The monthly manufacturing report (factory orders) is compiled from results of the U.S. Census Bureau’s Manufacturers’ Shipments, Inventories, and Orders survey. This survey provides statistics on the state of the manufacturing industry based on responses from approximately 4,300 firms representing 89 industry categories The survey methodology assumes that the month-to-month changes of the total operations of those companies in the monthly survey effectively represent the month-to-month movements of all establishments that make up the category. The survey panel is comprised of companies with $500 million or more in shipments and a limited number of smaller companies.
According to the survey, new orders for manufactured goods in September increased by $8.1 billion or 1.7 percent to $490.8 billion, following d a 0.1 percent decrease in August. The increase was driven almost completely by orders for transportation equipment which rose by 12.9 percent, . In fact, once the highly variable transportation equipment orders are removed, overall factory orders were off by about $1 billion or 0.2 percent. There was some growth in the metals and electronics sectors but overall factory orders outside of transportation were weak. Actual shipments from factories were up by a very small $400 million, with aircraft helping to push shipments into positive territory. Shipment growth has been falling over the past quarter, and actual factory shipments are down once seasonal adjustment factors are removed. Inventories continue a three month growth pattern and were up by about $2.7 billion (0.4 percent) over the prior month. This growth in inventories has been driving 2013 GDP growth and is likely unstainable over the long term.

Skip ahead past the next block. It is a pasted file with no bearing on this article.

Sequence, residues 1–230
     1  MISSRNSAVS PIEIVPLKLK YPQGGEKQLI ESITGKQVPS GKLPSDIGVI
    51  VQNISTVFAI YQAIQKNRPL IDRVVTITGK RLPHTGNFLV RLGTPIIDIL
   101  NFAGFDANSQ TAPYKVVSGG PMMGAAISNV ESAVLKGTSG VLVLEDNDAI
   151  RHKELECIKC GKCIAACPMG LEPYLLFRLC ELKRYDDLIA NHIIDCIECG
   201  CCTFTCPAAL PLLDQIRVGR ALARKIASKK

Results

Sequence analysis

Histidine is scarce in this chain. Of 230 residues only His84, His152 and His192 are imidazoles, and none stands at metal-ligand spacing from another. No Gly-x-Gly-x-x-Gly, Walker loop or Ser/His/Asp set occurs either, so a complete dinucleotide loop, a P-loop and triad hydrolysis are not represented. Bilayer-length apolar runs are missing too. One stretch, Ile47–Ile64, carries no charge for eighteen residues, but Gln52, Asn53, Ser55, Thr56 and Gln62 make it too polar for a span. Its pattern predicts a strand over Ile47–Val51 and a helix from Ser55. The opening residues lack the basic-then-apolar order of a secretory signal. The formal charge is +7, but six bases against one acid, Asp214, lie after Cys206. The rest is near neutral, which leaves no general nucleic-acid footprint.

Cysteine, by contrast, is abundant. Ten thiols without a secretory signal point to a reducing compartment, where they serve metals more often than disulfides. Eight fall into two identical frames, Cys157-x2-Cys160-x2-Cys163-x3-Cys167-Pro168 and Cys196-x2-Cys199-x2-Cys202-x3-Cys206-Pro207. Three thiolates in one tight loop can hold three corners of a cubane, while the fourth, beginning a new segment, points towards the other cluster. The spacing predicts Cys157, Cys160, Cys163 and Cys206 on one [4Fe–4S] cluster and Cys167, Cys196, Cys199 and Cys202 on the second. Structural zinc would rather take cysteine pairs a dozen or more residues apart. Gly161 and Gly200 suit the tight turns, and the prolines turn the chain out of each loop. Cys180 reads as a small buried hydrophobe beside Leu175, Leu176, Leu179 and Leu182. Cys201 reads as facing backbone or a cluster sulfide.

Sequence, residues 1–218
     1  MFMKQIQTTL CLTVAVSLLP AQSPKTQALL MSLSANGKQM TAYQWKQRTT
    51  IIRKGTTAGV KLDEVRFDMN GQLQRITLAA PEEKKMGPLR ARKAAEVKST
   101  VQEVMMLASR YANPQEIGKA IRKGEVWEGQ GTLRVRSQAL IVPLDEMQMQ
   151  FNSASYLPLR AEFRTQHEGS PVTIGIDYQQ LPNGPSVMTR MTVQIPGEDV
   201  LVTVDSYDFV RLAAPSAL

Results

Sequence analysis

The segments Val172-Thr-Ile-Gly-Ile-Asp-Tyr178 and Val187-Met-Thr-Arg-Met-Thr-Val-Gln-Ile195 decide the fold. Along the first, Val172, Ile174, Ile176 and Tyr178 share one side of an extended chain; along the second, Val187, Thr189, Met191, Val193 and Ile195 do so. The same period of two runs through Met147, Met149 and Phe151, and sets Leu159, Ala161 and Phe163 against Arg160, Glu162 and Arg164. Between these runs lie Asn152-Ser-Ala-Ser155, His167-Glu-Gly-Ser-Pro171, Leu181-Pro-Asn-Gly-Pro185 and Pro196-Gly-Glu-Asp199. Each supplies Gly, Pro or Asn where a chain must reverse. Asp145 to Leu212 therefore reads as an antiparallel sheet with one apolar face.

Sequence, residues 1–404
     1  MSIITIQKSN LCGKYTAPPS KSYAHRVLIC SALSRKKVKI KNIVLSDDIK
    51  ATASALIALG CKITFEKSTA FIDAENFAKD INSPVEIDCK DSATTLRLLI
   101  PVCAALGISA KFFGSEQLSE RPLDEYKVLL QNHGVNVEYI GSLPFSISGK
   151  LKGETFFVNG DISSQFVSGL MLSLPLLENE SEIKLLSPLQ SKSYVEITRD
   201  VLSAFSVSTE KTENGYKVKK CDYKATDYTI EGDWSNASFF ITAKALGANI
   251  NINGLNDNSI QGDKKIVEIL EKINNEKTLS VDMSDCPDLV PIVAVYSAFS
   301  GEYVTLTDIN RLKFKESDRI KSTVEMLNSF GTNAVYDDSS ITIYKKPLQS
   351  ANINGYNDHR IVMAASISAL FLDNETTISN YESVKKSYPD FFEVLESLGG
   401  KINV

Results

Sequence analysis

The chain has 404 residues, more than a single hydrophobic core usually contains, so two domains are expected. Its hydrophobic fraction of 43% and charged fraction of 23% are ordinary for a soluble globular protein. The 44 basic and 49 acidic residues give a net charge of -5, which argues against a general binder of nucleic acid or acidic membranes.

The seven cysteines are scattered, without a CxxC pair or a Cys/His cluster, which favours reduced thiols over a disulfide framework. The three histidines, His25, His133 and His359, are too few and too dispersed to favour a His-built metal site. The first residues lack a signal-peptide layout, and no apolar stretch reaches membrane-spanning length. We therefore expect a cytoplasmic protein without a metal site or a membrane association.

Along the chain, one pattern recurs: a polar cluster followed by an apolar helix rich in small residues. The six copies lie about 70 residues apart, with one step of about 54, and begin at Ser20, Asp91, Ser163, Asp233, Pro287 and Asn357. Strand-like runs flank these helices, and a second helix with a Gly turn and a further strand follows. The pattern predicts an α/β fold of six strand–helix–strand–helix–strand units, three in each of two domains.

The growth in inventories is particularly troublesome. This suggests that even though factory production has been rising, there has not been corresponding growth in sales. Sluggish demand has been one factor dragging the economy down despite the massive pump-priming by both the Federal Government and the Federal Reserve. When it comes to inventories, much of the stockpiling over September was related to durable goods, particularly automobiles, trucks, and defense related equipment.
On the positive side, the value of unfilled orders – orders currently in the manufacturing pipeline, was up sharply in September – over $9 billion or 0.9 percent to just over $1 trillion. This is a continuation of a trend that has unfilled manufacturing orders up 6.5 percent over last year. This suggests that even though certain economists have suggested that demand is weak and that is leading to slow economic growth, the opposite is actually true and that production is not keeping pace with demand, particularly in industries like primary metals production, computers and household appliances.
Factory orders and production are an important part of the American economy. Since manufacturing represents between 12 and 13 percent of GDP it is important in and of itself. In addition, manufacturing firms have the highest multipliers in the economy with each dollar of manufacturing creating as much as 2 or 3 additional dollars in the service sector.